Gathering ingredients for making fruit wine needn’t be expensive or difficult, if you know where to look. For while grocery stores, winemaking specialists and online stockists might offer high quality equipment and ingredients with promises of fast, or cheap delivery, it doesn’t come any cheaper than picking your own fruits from the nearest rural hedgerow, parkland or suburban verge at absolutely no cost at all.
If you want to have a go at foraging for fruits to turn into wine, always make sure you know exactly what you are looking for. Secure the landowner’s permission to remove any fruits and wash and inspect gathered ingredients thoroughly. Avoid areas that might be heavily polluted or might be a popular spot for dogs to relieve themselves and check fruit carefully for hidden maggots and pests before harvesting it.
Once all that’s taken care, of, you’re free to grab a basket and start gathering your free hedgerow fruit! Here are a few suggestions to get started…
Normally considered a cultivated, garden or orchard fruit, the humble apple can sometimes also be found in the wild; naturalized and flourishing in a hedgerow or woodland. Apples are easy to harvest and enjoy a long fruiting season. Varieties range from sweet apples that you can pick and eat straight from the tree to the slightly tarter cooking apples. Either way, you can confidently use foraged apples to make delicious jellies, liquors and cider. Happy days!
Brambles – or blackberries
Call them what you will, these black knobbly fruits crop up anywhere and everywhere from mid summer to late fall, just begging to be picked and turned into something great. Everyone ahs heard of blackberry and apple crumble, but did you know they can also form the basis of a great fruit wine? Try it and see! Just watch out for those prickles as you pick.
These bright, fleshy berries with a hard stone in the centre are ideal for wine making. At their best in late summer, varieties of cherry which are too sour to eat raw or use in jam or desserts can be turned into an excellent wine or fruit liquor. Find cherries growing in pairs on small and medium sized trees in hedgerows and parks – in spring cherry trees often display beautiful white or pink blossom.
This deep purple, oval fruit with a hard stone in the centre looks like a small plum. Damsons ripen in the summer on small to medium sized trees that, unlike the very similar-looking sloe trees, do not sport thorns. Harvest Damsons in the fall for a beautiful rich fruit that will add depth to any homemade wine. They can also taste great in jellies and baking.
Often considered a garden pest, blighting our otherwise perfectly manicured lawns, dandelion flowers can actually be utilized to make a richly-flavored wine. Not strictly a fruit, this plant with its bright yellow flowers still deserves a place in anyone’s winemaking ingredient inventory. Dandelions are often teamed with burdock to make up a well known homemade wine combination. They are ubiquitous; flowering at their best around May-June time. The flower heads are easily harvested and are in plentiful supply. Dandelion petals and leaves are also surprisingly tasty sprinkled on a salad.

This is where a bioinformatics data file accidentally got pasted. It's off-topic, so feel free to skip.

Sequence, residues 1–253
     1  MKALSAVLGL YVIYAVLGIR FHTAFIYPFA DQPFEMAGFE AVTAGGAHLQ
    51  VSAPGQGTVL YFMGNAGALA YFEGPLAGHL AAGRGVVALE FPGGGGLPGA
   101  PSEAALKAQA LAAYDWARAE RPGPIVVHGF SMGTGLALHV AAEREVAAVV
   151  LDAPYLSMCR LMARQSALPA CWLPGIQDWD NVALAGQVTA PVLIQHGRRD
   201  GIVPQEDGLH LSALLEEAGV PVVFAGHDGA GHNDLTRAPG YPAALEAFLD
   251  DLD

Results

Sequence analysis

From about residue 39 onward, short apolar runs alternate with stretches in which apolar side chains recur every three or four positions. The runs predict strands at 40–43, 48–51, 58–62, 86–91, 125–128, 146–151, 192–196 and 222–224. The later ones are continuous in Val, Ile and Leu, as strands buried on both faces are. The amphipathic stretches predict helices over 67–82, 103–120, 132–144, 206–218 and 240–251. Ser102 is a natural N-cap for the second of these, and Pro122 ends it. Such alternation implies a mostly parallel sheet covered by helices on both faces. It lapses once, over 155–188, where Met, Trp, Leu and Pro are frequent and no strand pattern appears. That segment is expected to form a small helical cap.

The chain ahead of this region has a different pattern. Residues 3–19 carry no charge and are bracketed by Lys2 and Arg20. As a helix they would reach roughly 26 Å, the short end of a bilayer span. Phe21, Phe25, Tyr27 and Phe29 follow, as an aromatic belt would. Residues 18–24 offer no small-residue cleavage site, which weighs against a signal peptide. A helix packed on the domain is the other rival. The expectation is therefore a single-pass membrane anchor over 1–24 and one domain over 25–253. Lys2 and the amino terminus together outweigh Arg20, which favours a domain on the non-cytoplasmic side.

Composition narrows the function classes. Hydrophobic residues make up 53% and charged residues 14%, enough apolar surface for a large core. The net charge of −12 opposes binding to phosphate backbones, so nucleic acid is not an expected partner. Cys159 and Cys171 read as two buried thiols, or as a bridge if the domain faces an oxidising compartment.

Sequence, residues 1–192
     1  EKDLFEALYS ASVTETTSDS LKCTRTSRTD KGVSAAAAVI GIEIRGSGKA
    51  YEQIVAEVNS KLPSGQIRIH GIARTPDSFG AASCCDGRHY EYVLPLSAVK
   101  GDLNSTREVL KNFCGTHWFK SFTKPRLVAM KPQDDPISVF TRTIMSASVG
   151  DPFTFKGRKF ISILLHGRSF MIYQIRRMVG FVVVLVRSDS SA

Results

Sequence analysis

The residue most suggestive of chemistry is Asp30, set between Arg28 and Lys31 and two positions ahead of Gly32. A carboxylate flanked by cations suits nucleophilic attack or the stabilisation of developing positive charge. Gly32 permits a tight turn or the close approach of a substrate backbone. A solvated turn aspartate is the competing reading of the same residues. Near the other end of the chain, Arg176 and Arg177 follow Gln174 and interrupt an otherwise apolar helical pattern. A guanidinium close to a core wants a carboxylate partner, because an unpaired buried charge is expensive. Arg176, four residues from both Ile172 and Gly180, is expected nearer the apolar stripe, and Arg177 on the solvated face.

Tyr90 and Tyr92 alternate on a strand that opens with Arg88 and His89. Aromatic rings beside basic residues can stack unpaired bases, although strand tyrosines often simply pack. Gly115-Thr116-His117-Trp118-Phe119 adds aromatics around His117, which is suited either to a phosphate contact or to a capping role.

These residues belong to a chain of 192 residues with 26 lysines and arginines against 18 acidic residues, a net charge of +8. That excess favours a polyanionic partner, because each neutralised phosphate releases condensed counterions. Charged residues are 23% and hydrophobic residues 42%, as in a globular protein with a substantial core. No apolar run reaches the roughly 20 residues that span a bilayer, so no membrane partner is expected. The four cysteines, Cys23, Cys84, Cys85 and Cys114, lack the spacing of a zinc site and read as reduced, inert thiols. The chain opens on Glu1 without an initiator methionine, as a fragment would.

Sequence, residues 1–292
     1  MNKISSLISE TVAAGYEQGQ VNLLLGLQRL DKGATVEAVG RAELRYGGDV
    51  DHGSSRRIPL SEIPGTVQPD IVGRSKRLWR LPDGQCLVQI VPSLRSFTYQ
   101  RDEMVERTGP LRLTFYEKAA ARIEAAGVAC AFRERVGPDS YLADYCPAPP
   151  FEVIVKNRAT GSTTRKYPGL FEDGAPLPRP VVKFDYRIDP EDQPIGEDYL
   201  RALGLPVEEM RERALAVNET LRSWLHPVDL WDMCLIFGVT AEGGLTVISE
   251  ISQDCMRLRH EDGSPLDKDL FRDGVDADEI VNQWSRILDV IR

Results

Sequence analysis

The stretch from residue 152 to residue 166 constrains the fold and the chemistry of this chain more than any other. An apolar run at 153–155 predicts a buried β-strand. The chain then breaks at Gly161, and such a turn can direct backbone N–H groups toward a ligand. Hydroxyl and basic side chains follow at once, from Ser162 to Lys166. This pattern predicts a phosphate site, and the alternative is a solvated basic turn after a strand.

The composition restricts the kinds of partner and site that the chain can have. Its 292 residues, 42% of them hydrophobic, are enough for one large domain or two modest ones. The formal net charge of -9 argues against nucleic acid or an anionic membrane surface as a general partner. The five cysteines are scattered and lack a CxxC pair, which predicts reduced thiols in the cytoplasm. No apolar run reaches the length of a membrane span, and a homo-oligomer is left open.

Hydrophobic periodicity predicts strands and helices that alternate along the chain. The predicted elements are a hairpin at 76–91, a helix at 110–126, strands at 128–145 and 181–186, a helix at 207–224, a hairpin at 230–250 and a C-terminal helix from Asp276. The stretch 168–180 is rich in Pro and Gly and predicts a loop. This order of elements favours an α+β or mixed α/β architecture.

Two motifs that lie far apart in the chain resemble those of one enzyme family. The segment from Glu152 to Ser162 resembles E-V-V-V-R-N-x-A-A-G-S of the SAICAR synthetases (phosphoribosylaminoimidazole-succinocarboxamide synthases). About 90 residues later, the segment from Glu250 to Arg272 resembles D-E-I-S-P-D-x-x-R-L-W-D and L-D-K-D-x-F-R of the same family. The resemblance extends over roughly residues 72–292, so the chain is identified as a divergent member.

Elder – berries and flowers
The strongly scented creamy-white flowers of the elder plant can be used to make deliciously refreshing wines and non-alcoholic summer cordials. Seen in hedgerows, verges, wood and thickets, the flowers arrive in early summer. They are then replaced later on in the season by tiny, glossy, round black berries that grow on clusters. Raw, elderberries are inedible, but once cooked and strained, they make a wonderfully potent wine, plus they can also be used in jellies.
Another delight of the fall season, these flavorsome pink stalks can be picked, sliced, boiled and turned into the most exquisite wine with a tangy kick to it. Again, rhubarb plants, with their large, dark green leaves are most often found in people’s gardens as a cultivated fruit, but they can also be spotted, happily thriving in nearby verges and thickets. Rhubarb is another fruit that can be used in all kinds of recipes, from wines and liquors to jellies and desserts.
Not an immediate choice for a fruit wine, perhaps, but these bright orange-red hips growing on thorny, arching shrubs in thickets and hedges in the fall can be cooked up into a lovely wine or jelly that is brimming with Vitamin C. Harvest rosehips carefully, to avoid getting scratched by the thorny branches. The hair around the seeds, although irritating when raw, will not detract from the rose hips’ flavour once they have been cooked and strained.
Sloes are small, hard, round purple fruits with a large stone in the middle. They grow on small, thorny shrubs and trees in thickets and hedgerows – so beware of prickles when you are collecting them. Ripe in the fall, sloes are extremely unpalatable raw, but form the basis of an excellent fruit liquor or the well known alcoholic beverage, sloe gin.
Happy hedgerow hunting!